Really, It’s OK to Make Mistakes

In addition, you discover methods to fix the issues that do arise. I would not have known how to close small gaps in my early dovetails (place a saw kerf beside the “gappy” dovetail then drive a wood-matching wedge into that kerf) if I had tight-fitting joints. Or, if I hadn’t sprayed the finish too heavily around the door frame on a cupboard, which creates a sag only visible with light directed from above, I wouldn’t have unearthed how to use a single-edge razor blade as a small but efficient scraper. These events build our knowledge as woodworkers, as well as add to our experience. That experience makes us better craftsmen.

By making mistakes and dealing with the consequences, you begin to fully understand the processes. With a complete understanding of the processes, you know why a joint fits accurately or what a good finish looks like. The woodworking picture comes into focus. It becomes clear. You can then make small changes and anticipate the results. You can tweak a step here or there in the process and know you’ll not have a problem from which to recover.

But if you do the task at hand without incident, do you stop and question why it happened the way it did? No. So what have you learned? You don’t know why the joint fit or why the case assembly is square. It just happened.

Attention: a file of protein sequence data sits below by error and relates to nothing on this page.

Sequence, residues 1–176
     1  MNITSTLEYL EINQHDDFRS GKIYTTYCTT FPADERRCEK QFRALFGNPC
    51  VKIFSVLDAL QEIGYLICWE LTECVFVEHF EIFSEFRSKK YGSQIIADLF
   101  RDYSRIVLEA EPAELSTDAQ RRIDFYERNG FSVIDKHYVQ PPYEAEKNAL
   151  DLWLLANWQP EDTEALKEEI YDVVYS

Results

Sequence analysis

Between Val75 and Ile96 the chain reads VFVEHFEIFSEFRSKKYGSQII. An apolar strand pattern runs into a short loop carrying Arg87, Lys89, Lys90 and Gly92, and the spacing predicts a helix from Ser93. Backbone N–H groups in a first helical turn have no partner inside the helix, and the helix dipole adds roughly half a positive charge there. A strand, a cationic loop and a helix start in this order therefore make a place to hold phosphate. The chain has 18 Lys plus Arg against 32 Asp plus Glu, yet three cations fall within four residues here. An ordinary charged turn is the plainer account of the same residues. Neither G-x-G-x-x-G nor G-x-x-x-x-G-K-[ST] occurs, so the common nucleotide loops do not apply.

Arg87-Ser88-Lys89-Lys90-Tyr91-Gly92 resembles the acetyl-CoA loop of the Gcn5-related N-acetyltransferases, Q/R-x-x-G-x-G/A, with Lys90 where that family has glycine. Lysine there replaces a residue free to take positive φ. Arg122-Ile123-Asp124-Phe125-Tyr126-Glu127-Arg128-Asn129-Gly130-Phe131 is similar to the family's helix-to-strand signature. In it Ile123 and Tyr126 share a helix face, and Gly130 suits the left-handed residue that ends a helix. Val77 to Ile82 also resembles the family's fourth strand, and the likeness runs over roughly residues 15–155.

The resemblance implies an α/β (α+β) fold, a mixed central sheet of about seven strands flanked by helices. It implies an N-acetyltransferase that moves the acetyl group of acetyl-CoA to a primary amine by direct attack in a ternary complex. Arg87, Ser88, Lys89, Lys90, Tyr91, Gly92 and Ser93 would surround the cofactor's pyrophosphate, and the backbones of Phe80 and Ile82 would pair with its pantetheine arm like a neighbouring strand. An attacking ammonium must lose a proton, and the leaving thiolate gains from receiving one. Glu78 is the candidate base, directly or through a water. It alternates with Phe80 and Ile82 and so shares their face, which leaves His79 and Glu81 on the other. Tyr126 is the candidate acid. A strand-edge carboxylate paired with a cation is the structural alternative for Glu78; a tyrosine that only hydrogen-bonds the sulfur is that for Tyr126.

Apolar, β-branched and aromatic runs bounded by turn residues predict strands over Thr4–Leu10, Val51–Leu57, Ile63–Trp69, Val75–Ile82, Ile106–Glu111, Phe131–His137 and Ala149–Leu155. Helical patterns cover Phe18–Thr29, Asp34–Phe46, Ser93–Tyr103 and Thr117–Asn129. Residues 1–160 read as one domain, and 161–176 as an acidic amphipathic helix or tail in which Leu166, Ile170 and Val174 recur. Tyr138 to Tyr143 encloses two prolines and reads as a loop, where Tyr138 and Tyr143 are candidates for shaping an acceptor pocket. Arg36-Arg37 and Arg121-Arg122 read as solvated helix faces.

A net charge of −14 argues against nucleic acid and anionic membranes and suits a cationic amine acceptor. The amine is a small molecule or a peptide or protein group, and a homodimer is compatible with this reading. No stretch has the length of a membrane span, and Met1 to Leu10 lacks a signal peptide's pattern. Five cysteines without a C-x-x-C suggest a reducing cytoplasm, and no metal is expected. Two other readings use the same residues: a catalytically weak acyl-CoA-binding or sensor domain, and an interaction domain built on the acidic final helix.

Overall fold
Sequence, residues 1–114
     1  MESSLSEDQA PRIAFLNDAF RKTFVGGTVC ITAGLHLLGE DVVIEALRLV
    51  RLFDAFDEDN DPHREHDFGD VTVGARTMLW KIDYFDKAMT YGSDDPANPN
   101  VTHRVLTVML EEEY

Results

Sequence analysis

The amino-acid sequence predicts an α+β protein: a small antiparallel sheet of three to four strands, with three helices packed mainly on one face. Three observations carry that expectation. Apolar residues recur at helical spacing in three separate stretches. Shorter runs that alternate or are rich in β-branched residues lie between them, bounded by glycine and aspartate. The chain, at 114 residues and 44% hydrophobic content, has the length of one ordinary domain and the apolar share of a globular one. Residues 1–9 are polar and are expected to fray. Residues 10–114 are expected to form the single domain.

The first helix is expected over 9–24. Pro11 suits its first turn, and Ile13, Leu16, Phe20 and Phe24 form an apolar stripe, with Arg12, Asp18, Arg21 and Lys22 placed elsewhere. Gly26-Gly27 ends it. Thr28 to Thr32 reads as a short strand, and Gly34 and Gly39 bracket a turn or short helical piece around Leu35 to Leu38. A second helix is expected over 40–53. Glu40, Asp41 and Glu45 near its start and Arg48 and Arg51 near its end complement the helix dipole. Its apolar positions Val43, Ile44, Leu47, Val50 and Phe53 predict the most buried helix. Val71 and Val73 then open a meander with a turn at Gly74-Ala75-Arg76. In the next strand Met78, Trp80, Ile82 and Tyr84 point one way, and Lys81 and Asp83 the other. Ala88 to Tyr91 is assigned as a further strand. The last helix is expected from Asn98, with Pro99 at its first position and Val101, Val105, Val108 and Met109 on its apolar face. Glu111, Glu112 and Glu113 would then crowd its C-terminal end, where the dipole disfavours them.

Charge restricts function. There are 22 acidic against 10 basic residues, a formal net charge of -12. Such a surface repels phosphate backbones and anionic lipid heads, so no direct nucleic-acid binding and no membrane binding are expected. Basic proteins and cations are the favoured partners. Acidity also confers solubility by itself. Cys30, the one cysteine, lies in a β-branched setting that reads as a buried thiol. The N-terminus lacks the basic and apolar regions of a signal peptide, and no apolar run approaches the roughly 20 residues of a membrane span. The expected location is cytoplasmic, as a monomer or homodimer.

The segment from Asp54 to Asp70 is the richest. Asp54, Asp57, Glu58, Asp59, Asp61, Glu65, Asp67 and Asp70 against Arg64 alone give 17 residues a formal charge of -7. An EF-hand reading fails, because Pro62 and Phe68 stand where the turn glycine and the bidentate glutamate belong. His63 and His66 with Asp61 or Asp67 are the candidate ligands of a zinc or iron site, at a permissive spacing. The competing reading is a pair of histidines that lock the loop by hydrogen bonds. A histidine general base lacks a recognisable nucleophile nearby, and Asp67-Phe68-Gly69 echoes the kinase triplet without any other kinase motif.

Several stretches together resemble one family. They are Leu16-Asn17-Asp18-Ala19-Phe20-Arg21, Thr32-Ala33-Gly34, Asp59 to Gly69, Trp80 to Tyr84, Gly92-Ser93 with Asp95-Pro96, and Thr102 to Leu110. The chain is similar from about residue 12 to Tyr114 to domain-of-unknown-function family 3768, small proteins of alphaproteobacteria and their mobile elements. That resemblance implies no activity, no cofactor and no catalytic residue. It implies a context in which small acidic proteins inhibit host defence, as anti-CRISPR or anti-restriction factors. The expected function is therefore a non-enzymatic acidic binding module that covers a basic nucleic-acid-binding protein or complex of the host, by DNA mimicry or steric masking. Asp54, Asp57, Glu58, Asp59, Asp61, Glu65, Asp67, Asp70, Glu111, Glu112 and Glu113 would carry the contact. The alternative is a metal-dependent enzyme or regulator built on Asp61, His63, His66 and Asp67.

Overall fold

If you can precisely duplicate the process again, you can complete the same task many times. Can you remember the exact steps? More than likely you cannot. And if you cannot, you’re destined to make another attempt and hopefully the process runs successfully a second time.

So don’t be afraid to make mistakes. Get going. Do something. Even if it doesn’t work, you’ve gained as a woodworker. No, I don’t particularly want to toss a half-carved cabriole leg into the trash or throw away an ill-fitting joint – but I’ve done just that. And it hurts.

They don’t call it the “school of hard knocks” for nothing.

As I stated at the beginning, I make mistakes and I accept that fact. What I don’t accept is making the same mistake twice. 

– Glen D. Huey

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